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|Right ascension (Epoch J2000)||03h 09m 04.0s|
|Declination (Epoch J2000)||+49° 36' 47.8"|
|Spectral type||G0 V|
|Distance from Sol||34.4 ly|
|Other designations||Iot Per, HR 937*, Gl 124, Hip 14632, HD 19373, BD+49 857, SAO 38597, FK5 112, LHS 166, LTT 11020, LFT 256, Hei4.|
Iota Persei is located about 34.4 light-years from Sol. It lies in the northern part of the constellation Perseus, the mythical Greek Hero who uses the Gorgon Medusa's severed head to change Cetus into stone. Iota Persei is a yellow-orange main sequence dwarf star of spectral and luminosity type G0 V. Bigger and brighter than Sol, the star may have as much as 1.3 times Sol's mass, around 1.08 times its diameter, and 2.2 times its luminosity. It appears to be 1.08 times as enriched than Sol in elements heavier than hydrogen ("metals") based on its abundance of iron.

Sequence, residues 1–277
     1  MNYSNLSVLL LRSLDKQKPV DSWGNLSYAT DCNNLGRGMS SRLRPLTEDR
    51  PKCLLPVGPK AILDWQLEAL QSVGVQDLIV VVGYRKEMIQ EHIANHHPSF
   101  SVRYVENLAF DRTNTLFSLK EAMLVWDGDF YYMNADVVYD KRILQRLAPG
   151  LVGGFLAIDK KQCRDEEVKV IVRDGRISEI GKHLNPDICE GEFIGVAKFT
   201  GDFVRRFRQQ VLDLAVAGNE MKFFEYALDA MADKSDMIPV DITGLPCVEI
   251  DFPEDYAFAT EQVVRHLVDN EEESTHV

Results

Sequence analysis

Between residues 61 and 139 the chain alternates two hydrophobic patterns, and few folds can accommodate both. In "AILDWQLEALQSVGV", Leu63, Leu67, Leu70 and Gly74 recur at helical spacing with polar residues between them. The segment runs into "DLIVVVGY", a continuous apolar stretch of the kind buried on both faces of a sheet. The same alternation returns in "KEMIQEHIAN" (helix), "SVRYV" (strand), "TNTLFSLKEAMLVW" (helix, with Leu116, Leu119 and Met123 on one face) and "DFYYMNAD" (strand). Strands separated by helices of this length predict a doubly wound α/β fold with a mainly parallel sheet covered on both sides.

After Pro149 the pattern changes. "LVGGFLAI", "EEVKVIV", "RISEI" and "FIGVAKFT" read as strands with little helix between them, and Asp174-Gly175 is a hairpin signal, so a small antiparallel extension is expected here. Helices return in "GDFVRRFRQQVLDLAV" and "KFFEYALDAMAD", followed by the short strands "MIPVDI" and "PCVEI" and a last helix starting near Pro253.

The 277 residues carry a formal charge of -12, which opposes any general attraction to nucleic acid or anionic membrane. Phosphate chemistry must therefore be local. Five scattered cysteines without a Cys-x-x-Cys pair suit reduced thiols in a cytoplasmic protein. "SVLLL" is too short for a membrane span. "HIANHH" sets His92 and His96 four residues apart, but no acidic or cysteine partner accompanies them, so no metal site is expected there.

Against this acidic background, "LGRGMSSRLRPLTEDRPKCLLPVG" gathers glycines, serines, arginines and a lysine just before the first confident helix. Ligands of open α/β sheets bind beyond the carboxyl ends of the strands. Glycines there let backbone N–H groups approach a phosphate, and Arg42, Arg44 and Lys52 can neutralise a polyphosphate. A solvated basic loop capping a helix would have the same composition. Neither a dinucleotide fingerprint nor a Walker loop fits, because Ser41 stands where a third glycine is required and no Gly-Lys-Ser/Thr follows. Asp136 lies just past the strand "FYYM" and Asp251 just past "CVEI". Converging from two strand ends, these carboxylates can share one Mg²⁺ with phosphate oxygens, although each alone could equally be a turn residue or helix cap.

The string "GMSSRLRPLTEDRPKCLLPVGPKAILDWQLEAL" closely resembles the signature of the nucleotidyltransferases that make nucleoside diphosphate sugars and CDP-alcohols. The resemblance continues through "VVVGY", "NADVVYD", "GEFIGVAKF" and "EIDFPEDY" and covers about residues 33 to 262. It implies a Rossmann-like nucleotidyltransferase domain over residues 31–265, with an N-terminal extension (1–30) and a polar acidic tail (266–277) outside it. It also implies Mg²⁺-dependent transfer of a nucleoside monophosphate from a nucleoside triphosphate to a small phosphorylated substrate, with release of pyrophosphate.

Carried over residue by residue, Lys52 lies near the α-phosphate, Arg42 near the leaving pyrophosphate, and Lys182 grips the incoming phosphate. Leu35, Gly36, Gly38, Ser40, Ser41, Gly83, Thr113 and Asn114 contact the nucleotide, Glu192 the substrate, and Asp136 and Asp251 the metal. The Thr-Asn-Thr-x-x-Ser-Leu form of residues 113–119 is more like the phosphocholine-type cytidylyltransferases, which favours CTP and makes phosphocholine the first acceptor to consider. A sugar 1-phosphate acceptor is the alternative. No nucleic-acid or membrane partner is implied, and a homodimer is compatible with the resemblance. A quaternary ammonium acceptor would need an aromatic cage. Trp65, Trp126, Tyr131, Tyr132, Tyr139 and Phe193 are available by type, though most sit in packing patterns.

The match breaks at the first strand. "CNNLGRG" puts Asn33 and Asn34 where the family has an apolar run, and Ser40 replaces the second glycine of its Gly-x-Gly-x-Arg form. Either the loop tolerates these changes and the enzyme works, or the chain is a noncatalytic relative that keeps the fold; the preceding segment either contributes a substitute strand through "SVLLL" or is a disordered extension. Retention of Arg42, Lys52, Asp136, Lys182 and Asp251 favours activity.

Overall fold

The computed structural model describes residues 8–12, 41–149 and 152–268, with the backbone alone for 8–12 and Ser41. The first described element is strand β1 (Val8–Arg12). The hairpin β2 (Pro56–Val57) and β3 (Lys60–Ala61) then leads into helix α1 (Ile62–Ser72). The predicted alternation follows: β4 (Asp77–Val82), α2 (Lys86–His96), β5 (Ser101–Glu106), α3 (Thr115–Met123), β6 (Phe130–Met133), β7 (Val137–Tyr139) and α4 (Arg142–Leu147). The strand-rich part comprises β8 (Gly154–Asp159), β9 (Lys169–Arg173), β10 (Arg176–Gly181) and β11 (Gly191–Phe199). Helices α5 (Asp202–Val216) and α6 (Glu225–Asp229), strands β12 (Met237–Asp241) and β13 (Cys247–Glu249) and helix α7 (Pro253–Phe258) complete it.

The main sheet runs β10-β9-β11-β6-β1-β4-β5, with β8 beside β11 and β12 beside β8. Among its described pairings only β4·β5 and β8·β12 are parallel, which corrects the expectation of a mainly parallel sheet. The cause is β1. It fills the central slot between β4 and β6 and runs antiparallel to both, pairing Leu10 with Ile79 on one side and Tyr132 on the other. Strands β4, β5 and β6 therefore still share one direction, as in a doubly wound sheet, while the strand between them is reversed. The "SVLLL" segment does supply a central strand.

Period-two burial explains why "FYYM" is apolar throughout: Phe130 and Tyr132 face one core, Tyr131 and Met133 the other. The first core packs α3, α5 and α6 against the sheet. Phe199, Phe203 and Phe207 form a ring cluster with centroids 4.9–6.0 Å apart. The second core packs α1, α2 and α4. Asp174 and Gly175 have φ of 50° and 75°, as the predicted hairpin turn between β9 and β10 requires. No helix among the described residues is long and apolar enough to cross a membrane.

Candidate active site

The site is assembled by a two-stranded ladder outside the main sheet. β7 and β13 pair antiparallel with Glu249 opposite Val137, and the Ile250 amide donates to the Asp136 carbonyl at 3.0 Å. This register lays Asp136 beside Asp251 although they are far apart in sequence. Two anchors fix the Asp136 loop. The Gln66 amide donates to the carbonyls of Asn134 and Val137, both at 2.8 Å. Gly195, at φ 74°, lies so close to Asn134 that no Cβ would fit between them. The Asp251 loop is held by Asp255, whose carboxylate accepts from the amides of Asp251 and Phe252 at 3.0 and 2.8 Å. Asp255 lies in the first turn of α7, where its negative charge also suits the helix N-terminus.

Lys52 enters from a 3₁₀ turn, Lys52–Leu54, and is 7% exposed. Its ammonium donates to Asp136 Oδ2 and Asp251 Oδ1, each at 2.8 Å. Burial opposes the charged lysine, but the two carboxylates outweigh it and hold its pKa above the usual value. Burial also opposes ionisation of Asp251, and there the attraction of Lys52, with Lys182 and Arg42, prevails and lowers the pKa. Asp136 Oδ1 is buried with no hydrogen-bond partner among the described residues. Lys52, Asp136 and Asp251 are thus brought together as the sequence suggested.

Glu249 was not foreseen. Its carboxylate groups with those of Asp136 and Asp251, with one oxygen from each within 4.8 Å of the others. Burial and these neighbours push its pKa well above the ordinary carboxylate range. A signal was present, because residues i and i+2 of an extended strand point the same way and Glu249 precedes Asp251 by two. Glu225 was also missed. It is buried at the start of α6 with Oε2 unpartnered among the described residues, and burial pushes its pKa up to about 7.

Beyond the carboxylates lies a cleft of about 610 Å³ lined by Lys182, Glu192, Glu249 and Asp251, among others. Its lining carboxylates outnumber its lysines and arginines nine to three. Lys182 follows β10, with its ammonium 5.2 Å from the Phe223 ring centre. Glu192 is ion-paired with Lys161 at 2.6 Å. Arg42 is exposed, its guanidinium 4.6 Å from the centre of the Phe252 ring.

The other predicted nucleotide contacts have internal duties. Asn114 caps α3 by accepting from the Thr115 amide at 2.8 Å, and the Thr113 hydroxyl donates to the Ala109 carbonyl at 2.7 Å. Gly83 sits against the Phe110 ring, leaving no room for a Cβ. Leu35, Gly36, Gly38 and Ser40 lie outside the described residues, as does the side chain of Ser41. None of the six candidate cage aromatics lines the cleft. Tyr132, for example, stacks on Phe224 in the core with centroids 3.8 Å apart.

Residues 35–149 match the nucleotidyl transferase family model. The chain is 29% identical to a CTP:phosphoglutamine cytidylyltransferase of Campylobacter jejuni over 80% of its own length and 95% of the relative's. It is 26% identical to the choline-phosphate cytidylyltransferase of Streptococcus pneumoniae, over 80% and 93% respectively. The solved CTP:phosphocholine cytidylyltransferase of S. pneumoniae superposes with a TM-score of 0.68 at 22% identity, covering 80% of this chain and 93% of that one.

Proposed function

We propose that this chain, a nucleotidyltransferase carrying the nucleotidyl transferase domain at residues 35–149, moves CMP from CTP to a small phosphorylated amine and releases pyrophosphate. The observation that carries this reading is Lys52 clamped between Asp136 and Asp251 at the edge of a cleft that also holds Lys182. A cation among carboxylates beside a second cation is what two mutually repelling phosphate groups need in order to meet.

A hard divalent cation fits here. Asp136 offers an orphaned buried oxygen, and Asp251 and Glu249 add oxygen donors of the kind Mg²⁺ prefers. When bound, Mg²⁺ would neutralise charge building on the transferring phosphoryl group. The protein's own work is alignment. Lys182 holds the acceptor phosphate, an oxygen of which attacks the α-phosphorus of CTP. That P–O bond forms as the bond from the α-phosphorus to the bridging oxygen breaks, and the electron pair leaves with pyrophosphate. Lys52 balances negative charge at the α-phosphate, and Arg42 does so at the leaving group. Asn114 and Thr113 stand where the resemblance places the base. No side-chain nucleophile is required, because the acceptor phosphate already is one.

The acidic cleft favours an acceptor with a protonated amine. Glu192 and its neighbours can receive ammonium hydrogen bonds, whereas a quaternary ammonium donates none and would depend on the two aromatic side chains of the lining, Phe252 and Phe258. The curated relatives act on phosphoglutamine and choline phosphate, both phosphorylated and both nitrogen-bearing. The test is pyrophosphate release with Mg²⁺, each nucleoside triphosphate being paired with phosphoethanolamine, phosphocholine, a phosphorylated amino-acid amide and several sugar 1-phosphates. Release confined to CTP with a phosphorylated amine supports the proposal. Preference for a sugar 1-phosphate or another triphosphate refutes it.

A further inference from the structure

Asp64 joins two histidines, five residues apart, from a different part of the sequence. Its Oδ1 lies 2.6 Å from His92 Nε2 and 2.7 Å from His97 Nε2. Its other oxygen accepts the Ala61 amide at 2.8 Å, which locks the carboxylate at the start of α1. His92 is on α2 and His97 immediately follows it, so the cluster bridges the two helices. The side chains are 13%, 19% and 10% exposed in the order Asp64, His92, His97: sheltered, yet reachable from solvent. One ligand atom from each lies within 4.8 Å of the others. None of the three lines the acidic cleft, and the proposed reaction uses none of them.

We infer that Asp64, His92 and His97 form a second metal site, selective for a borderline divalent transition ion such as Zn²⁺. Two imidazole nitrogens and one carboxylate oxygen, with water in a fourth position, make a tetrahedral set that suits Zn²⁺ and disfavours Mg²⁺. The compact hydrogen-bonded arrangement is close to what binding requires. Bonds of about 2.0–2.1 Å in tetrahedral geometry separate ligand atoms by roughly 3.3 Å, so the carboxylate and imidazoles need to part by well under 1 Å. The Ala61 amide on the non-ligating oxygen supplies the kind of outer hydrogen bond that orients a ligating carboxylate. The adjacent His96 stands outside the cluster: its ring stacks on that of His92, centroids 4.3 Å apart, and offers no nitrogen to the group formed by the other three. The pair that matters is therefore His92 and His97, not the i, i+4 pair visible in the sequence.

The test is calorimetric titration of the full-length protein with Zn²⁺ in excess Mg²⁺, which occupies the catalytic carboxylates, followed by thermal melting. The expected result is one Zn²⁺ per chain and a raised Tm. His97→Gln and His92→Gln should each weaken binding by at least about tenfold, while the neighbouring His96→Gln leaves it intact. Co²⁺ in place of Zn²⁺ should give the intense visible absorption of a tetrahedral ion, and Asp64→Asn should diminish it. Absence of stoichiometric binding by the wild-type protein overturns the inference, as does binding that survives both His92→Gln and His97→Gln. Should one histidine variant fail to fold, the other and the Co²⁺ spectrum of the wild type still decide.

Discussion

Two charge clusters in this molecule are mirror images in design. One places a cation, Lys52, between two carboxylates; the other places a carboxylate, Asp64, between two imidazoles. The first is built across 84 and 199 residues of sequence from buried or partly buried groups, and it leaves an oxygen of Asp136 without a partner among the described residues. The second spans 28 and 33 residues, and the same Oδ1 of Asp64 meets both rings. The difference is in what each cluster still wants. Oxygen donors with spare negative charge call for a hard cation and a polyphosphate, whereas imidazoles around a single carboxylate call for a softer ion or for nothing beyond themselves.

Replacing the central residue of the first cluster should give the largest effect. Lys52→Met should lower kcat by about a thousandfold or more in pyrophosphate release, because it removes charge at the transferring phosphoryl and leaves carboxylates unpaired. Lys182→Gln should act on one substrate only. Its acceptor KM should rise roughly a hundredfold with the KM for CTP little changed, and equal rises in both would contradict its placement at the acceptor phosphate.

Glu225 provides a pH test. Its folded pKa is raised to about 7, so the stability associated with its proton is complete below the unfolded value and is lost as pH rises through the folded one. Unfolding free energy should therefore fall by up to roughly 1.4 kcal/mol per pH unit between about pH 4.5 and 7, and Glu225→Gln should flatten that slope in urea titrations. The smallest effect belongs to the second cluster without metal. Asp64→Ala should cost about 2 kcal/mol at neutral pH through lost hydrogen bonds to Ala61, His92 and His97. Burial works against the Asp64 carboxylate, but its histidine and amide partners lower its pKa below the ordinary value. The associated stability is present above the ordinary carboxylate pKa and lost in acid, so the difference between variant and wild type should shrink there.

Based on chromospheric activity, Iota Persei appears to be around 8.1 billion years old -- much older than Sol's 4.6 billion years. According to the the Astronomiches Rechen-Institut at Heidelberg's ARICNS, the star is a suspected "a double" catalogued as Hei4, but the evidence is "far from solid" . Highly evolved with a lot of helium ash at its core, the star is close to becoming a subgiant.
Past radial velocity analysis suggests that giant planets of one tenth to 10 times the mass of Jupiter do not exist within 0.1 to four AUs of Iota Persei. If so, then conditions would be more favorable for the existence of stable orbit for an Earth-like planet (with liquid water) centered around 1.5 AU from around Iota Persei -- around the orbital distance of Mars in the Solar System. Such a planet would have an orbital period of around 1.6 years.
(Data from SolStation.com)
- (Pasinetti-Fracassini et al, 2001; Blackwell and Lynas-Gray, 1994; and Johnson and Wright, 1983, page 653)
- (B.J. Taylor, 2003)
- (Don C. Barry, 1988, page 438)
- (Wulff Dietz Heintz, 1988, page 1074, see: BD+49 857)
- (Cummings et al, 1999)